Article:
Sunday, May 3, 2009

Tips for Staying Clean

I've seen a lot of filthy thru-hikers over the past week and would like to share some know-how for staying clean on the trail, especially in the hot, arid sections.

Where trail grime comes from
Abundant desert dust sticks to any moisture it encounters. If you are sweating, dust will accumulate where there is sweat. The coarser the weave of your clothing, the more dust will collect there as well, if the clothing is moist. Dust does not tend to settle on dry objects, so, the best way to avoid grime is to be dry.

Most hikers are wearing long pants and long-sleave shirts. Many or most of these hikers already have dark swaths of grime under their shoulder straps and in other places on the clothing. The weave of this clothing is usually coarse to allow for maximum breathability, and a lot of dust settles in the fabric. Of course, these items are not washed on a regular basis, and hand washing is rarely sufficient to clean them. So, they grow dirtier and dirtier and soon stink up, especially if the fabric is synthetic. Even if you sponge yourself down at night, every morning you put the same filthy clothes back on. Only a laundromat can clean these clothes now, and so there is more reason to go into town and spend hours there, getting a hotel room for convenience.

My alternative is to avoid these problems by keeping as dry as possible by wearing fewer clothes and carrying a sun umbrella. Sometimes it is too windy for brief periods to use the umbrella, but at this point my skin is tanned enough to go without the umbrella for up to half an hour if I need to. I wear airy polyester running shorts whose weave is too tight to accumulate dust, and on top I wear a merino wool T-shirt that I take off if I start getting too sweaty. Sometimes I get a little damp on my lower back where my back touches my pack, but that's about it. When it's colder, I put a fine-weave windshirt on over the T-shirt. This way, I avoid the grime problems that are already beginning to plague many thru-hikers.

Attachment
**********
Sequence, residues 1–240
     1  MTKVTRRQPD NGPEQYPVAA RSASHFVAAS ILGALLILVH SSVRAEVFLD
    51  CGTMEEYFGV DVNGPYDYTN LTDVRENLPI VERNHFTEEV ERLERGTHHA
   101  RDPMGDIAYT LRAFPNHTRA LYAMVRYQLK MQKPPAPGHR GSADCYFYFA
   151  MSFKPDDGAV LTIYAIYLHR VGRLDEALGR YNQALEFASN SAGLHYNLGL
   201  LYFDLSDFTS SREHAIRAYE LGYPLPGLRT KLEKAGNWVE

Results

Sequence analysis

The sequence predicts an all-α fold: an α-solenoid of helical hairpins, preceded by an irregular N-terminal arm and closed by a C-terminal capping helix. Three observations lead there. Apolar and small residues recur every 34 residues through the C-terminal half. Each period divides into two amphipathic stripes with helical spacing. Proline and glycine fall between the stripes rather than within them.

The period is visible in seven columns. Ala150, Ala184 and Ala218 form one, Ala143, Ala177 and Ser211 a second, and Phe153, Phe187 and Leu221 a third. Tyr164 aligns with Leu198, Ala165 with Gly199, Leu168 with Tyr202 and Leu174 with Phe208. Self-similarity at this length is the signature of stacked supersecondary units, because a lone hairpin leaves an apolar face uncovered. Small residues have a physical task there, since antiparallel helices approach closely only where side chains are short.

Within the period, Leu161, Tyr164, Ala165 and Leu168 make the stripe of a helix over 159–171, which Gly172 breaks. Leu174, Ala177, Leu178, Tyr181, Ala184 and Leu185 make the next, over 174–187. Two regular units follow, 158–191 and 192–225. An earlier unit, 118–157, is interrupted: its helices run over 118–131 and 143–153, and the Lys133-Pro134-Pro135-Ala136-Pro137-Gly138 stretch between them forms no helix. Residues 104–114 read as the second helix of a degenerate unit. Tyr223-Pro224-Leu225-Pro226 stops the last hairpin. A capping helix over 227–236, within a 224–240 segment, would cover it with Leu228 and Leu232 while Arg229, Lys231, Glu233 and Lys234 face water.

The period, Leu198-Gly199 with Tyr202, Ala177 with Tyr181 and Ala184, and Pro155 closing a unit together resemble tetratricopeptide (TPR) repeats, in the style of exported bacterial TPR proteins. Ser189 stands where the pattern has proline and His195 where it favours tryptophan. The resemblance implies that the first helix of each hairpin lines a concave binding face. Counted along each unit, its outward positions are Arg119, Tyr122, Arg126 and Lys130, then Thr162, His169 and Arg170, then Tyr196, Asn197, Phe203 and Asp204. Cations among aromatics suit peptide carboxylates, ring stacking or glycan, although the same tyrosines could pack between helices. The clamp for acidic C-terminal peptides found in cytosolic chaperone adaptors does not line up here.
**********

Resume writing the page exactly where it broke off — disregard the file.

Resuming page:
As a rule, it is much easier to wash dust off one's skin than to get the grime out of dirty clothing. My legs can be quickly cleaned at night by passing a wet sponge over the skin. My shorts don't often need cleaning and can simply be rinsed in water. Same with the windshirt. The T-shirt can use a washing about once a week. The only items that need frequent, serious washing are socks and underwear. These can be washed using the ziploc bag trick -- put some water and some soap (Dr. Bronners or shampoo) in a ziploc bag with the items and agitate them, then repeat the process in a bag of clean water with no soap for rinsing.

To wash my body with little water, what I usually do is put some water in a cup, add a few drops of Dr. Bronner's liquid soap, and wash and scrub myself with a small sponge. There is just enough soap to make me feel cleaner, but not so much that I would need to rinse myself off afterwards. Hair washing requires more soap (shampoo) and is usually done separately and not as often.


  1. I'm happy I was able to provide you a laboratory to test your clothing experiments. I'm a convert.

  2. Very interesting theories, Rick! In the future, I hope to experiment more with some of these ideas.